Archive for Orson Welles

The Sunday Intertitle: Mine, all mine!

Posted in FILM with tags , , , , , , , , , on June 10, 2018 by dcairns

Seena Owen goes full Daffy Duck on Gloria Swanson in QUEEN KELLY, Erich Von Stroheim’s attempt to milk the absolute mostest out of every moment of melodrama in a misshapen, rollicking saga of innocence versus corruption and madness. It’s absurd, and impossibly drawn-out, but magnificent, even if only as demented trash.

Spectacularly incomplete — after an hour it starts breaking up into still photographs and captions to compensate for scenes lost, never completed or never filmed — Swanson and her producer, Joseph Kennedy, fired Stroheim when he finally went too far, though what would constitute too far for him is open to debate. It’s a ruin of a film — Kennedy evidently decided it was better for the movie to be ruined than himself, though why they didn’t replace EVS with some hack to quickly polish off the narrative is a mystery — at least they would have ended up with something releasable to show for the millions spent. It’s better this way, just as THE MAGNIFICENT AMBERSONS should have a special edition that omits the scenes shot by other hands and paints in Welles’s missing sequences, using captions, stills, script pages and the stray moment glimpsed in the trailer but not in the final movie…

One surprise that shouldn’t have surprised me — the clip that turns up in SUNSET BLVD to illustrate Norma Desmond’s movie career — about the only commercial purpose those months of filming QK ever served — has been falsified, with fresh intertitles added to it —

In SUNSET BLVD, the sentiment expressed may be similar but the text is different — the intertitle puts into young Gloria’s mouth the words “….Cast out this wicked dream which has seized my heart…” Why change it? I think for RESONANCE — Wilder & Brackett’s new line turns the scene into an analog of SUNSET BLVD itself, with Norma’s movie-star madness as the “wicked dream.” Of course, it could be they’d located a variant print of the film with a wacky different set of titles, or it could be that Wilder just didn’t want any dialogue in his film he hadn’t written himself, or the impulse could have been to make QUEEN KELLY seem even more strange, dated and melodramatic than it already is… which would be impossible if you look at it as a whole, but very possible if you look at this one scene, a relatively restrained one by EVS’s fervid standards.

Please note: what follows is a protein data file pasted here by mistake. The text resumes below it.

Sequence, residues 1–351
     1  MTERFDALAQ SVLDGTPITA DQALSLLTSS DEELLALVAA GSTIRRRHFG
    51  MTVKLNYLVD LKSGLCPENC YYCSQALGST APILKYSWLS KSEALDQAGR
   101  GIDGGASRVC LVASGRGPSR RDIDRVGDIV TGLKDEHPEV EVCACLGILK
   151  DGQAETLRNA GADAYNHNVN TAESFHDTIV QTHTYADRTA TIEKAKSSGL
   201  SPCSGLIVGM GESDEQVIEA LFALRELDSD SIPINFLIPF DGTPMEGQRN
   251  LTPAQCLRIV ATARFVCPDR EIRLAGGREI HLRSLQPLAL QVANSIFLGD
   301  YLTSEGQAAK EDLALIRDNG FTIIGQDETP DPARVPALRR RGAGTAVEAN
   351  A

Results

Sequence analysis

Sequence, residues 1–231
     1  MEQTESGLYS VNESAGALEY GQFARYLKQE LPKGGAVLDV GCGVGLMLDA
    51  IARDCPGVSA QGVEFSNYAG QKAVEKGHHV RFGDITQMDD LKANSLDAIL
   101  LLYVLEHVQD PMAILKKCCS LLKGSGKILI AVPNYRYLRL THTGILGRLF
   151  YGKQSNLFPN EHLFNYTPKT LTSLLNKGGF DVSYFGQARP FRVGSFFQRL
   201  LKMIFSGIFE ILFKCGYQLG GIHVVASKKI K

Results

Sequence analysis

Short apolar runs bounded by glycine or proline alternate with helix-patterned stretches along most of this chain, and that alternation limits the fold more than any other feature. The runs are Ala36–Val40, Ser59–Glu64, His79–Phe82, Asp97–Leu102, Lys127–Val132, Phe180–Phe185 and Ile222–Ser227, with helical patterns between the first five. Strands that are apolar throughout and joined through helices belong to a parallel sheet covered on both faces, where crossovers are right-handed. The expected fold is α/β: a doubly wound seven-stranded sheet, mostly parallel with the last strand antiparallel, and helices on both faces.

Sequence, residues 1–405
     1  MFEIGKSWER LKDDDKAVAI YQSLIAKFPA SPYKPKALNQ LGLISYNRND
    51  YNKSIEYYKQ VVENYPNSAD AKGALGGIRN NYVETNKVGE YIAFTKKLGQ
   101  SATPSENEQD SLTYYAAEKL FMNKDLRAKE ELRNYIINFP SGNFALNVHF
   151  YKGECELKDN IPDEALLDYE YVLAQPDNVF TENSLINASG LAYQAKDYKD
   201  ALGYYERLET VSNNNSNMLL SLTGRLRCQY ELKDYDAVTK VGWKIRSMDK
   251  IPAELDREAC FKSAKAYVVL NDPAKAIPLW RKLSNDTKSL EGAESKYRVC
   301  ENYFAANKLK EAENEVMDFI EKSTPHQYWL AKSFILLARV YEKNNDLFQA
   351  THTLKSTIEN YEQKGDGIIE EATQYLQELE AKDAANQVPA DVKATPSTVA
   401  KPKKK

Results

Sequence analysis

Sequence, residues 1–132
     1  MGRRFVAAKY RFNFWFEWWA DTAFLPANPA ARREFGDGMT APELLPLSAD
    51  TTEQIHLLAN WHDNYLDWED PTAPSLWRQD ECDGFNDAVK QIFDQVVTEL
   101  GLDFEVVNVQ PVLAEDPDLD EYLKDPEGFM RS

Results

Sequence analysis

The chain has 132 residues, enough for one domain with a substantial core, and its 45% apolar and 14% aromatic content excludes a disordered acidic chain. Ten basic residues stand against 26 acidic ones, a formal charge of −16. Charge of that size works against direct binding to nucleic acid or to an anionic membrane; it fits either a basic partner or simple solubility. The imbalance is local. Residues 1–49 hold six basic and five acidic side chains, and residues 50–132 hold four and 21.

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The Sunday Intertitle: Wolfdunnit?

Posted in Fashion, FILM, literature, Mythology, Television with tags , , , , , , , , , , , , , , , , , , , , , , , on June 3, 2018 by dcairns

Today, for the Hammer & AMicus Blogathon, I’m looking at THE BEAST MUST DIE. No, not this one —

I haven’t seen the 1952 version of Nicholas Blake’s novel, but I have read the novel. Blake was the pen-name of Poet Laureate Cecil Day-Lewis, father of Daniel, who moonlighted as a crime novelist. This his only book to have been adapted for the cinema, but his The Smiler With the Knife NEARLY became Orson Welles’ first film.

Not this one either ~

Claude Chabrol’s version of the same book is pretty good. Going by the cast list of the Argentinian version, it shares with Chabrol the unusual feature of eliminating the character of the detective. Blake/Day-Lewis created such a compelling pair of opposing characters in this story that his usual toff detective, Nigel Strangeways, just gets in the way. And in Smiler, he’s almost completely sidelined, his adventurous wife taking centre stage (Welles hoped to cast Lucille Ball, with himself as homegrown fascist villain).

But no, Amicus head Milton Subotsky chose to adapt a short story by Star Trek writer James Blish and give it Blake’s title (a biblical quotation) — but it’s STILL a country house detective story, with a slight twist. There will be spoilers ahead.

Taking this challenge seriously, I’m basically live-blogging this so you can see if I’m able to ID the skin-changer. Who’s hairy on the inside at this weekend party?

In my experience, seventies werewolves tend to wear plaid shirts, like lumberjacks (perhaps harking back to WOLFBLOOD, the silent movie combining lycanthropy and lumberjacking which I wrote about here. The first lumberthrope movie? So I’ll be watching this one waiting for someone to turn up in an ugly shirt, My money’s on Michael Gambon as the cast member likeliest to display hideous fashion sense. But I am aware of a complicating factor: the movie was also released, in an attempt to cash in on the blacksploitation craze, as BLACK WEREWOLF, which would seem to narrow the choices down to Calvin Lockhart and Marlene Clark. And is, quite frankly, a terrible title for a whodunnit.

We begin with a freeze-fame of our werewolf — ALSO a terrible spoiler — and the insinuating tones of Valentine Dyall, purring a redundant VO which is also spelled out in superimposed titles.

Helicopter shot over what looks like Scottish heather, but may in fact be the grounds of Shepperton, and Calvin Coolidge Lockhart is being hunted by a private army and a helicopter, through a wood wired for sound by Anton Diffring who sits aloof in a control room with a video wall.